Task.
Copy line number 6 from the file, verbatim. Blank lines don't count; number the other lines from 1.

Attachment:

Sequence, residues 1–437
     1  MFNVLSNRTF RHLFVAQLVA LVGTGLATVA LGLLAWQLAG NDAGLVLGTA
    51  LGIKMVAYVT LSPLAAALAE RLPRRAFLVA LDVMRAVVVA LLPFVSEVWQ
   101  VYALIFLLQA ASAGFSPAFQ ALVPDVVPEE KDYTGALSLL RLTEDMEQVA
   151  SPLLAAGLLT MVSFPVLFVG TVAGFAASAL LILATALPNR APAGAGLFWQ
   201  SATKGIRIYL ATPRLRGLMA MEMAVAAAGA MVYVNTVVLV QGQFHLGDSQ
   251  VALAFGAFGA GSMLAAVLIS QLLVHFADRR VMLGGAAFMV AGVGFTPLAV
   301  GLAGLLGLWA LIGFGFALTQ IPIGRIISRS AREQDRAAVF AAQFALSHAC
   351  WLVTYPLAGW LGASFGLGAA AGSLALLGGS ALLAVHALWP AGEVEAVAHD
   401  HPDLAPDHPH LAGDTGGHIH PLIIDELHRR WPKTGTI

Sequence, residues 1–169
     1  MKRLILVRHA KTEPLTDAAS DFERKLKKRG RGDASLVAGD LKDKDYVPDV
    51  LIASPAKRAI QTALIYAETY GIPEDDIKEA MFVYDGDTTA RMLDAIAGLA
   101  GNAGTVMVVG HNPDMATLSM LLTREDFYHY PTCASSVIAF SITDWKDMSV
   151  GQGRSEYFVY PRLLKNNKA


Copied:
   201  SATKGIRIYL ATPRLRGLMA MEMAVAAAGA MVYVNTVVLV QGQFHLGDSQ